Tag Archives: New York New Haven and Hartford Railroad

Amtrak Crosses the Connecticut, Windsor Locks, October 20, 2013.

Broadside View of the Old New Haven Railroad Bridge.

Amtrak passenger train.
On the afternoon of October 20, 2013, Amtrak train 54, the Sunday Vermonter crosses the Connecticut river on a 107 year old former New Haven Railroad span. Locomotive 147 is at the back of the train pushing. Leading is a cab-control car. Canon EOS 7D fitted with an f2.8 200mm lens.

What better than a bright sunny Sunday afternoon to execute a classic image of a big bridge.

Amtrak operates the former New Haven Railroad line between Springfield, Massachusetts and its namesake Connecticut city as a branch off its primary North East Corridor route.

In addition to shuttle trains running between Springfield and New Haven, the Washington D.C. to St Albans, Vermont, Vermonter travels this line daily. Infrequent freight services are operated by Connecticut Southern (sister operation to New England Central) and Pan Am Southern/Pan Am Railways.

Although much of the line is scenically challenged as it runs through built up suburban and urban areas of central Connecticut, it does have a few garden spots. I think the scenic highlight is this crossing of the Connecticut River near Windsor Locks.

I’ve made various views of this bridge over the years, and last Sunday (October 20, 2013) I thought I’d look for something a little different. There’s a lightly used road that follows the east bank of the Connecticut south of the bridge, and here I found a safe place to park and walk to the river,

A call to Amtrak’s Julie (the automated agent) revealed the northward Vermonter was operating about 9 minutes behind its scheduled time. I was in position a good 20 minutes before the train and so had ample time to make test shots to pick the best angle and exposure.

I made this photograph with my Canon EOS 7D fitted with an f2.8 200mm lens. The train rolled across the bridge at a restricted speed so it was easy to pick off several frames. The bigger challenge will be to catch one of the freights on this bridge. It’s been a good few years since I’ve succeeded in that mission.

On the afternoon of October 20, 2013, Amtrak train 54, the Sunday Vermonter crosses the Connecticut river on a 107 year old former New Haven Railroad span. Canon EOS 7D fitted with an f2.8 200mm lens.

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Amtrak’s Springfield—New Haven Shuttle at Berlin, Connecticut


Two Years Ago Today, June 20, 2011.

Amtrak in Connecticut
Amtrak shuttle approaches Berlin. Canon EOS 7D with f2.8 200mm lens


Exactly two years ago, I delivered my brother Sean to the Amtrak station in Berlin, Connecticut. He was on his way back to Philadelphia after a brief visit to Massachusetts.  Amtrak’s Berlin agent, Bill Sample, is always very friendly and helpful,  so we prefer Berlin over some of the closer stations.

I made this image of the southward shuttle train using my Canon EOS 7D with f2.8 200mm lens. There’s a lot of history in this simple photo. The train is led by a cab-control-car rebuilt from one of the old Budd-built Metroliner multiple units. Today’s single main track doesn’t tell much of a story, but Berlin was once a busy junction.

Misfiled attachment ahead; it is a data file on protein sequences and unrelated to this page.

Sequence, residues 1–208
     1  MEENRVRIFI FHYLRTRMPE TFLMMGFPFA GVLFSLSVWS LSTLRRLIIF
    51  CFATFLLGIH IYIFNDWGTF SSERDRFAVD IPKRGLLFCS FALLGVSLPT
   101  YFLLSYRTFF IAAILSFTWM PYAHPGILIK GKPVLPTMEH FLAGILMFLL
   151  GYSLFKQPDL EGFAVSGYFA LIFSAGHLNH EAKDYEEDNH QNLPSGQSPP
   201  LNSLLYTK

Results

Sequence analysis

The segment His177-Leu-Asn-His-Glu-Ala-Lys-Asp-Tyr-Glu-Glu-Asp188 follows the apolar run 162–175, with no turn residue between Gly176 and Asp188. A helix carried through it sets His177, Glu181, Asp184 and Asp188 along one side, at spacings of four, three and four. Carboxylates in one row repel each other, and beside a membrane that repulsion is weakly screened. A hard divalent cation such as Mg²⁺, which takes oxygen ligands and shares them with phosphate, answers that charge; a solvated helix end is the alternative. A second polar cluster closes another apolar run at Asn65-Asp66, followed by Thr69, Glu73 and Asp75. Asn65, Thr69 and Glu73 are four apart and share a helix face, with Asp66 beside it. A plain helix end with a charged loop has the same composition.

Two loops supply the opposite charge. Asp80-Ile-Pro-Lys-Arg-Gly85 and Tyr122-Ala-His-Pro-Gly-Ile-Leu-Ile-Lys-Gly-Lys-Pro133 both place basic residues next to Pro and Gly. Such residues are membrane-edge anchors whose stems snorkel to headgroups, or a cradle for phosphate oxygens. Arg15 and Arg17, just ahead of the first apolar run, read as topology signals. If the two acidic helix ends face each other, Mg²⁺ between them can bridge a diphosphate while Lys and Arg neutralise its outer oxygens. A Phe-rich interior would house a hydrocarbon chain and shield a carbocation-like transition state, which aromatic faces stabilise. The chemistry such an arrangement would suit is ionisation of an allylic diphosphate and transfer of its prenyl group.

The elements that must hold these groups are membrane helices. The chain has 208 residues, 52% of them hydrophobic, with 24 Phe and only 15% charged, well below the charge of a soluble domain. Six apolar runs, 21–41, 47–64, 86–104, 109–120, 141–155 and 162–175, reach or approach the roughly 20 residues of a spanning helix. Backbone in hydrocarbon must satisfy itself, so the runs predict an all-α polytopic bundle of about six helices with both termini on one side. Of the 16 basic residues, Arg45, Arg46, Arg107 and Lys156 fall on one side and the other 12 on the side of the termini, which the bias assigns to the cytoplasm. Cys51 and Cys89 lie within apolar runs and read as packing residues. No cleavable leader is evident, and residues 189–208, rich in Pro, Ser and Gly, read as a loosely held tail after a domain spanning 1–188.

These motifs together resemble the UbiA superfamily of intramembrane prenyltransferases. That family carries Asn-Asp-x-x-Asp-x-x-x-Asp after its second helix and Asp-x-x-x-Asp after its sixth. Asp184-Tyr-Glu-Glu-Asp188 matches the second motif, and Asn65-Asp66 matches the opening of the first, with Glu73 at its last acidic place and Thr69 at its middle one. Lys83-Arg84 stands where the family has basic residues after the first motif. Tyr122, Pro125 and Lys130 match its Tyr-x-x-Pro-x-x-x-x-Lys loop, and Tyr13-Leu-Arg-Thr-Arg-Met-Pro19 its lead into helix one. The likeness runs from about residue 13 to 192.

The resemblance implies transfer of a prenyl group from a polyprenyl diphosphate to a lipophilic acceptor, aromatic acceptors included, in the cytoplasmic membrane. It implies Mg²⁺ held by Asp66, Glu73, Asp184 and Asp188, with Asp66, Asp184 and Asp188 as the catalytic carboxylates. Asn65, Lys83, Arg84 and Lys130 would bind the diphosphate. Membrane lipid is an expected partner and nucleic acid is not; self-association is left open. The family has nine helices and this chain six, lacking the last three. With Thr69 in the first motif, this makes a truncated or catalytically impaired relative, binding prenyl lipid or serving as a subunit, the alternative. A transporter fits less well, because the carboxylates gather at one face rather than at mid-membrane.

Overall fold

While Pan Am Southern’s route toward Plainville and Waterbury diverges here (at the left), this only sees about one round trip per week. Historically there was a diamond crossing here between New Haven Railroad lines. Also, one of New Haven Railroad’s earliest experimental electrified schemes reached Berlin, but I’m not sure if that would have been in this scene or not.

If all goes according to plan, the double track to Springfield, Massachusetts will someday be restored.

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Pelham Bay Park, December 1982.


Amtrak AEM7 Crosses The Hutchinson River in The Bronx

Coop City in The Bronx.
Amtrak’s Bascule drawbridge over the Hutchinson River in December 1982. Leica 3A with 50mm Summitar Lens.

Between 1973 and 1985, my paternal grandparents lived at Co-op City in The Bronx, New York City. They had a great view of Amtrak’s former New Haven Railroad line from New Rochelle to the Hell Gate Bridge, which carried all of Amtrak’s Boston-New York trains. Until about 1980, this route also hosted infrequent freights.

When I was younger, I’d keenly watch for trains from my grandparents 19th floor terrace, all the while hoping to see Amtrak’s aged former Pennsylvania GG1 electrics. By 1982, all of Amtrak’s GG1s had been retired.

I made this morning view of a Penn-Station bound Amtrak train approaching the bascule drawbridge over the Hutchinson River led by an AEM7 electric. The scene itself wasn’t remarkable at the time, but I’m glad I made the effort to put it on film. It fascinates me now and brings me back to another time. Although details, such as how to effectively work with backlighting eluded me, I managed to get my exposure pretty close anyway.

I was 16 at the time. I used my Leica 3A with f2.0 50mm Summitar—the camera I carried with me everywhere. A couple of years ago, I located some of my long-lost early negatives and made a project of scanning them. The miracle of modern scanning technology coupled with post-processing allowed me to finally make something of photos I’d made before I was technically competent to make decent prints.

Stay tuned for tomorrow’s post; “the view from grandma’s terrace.”

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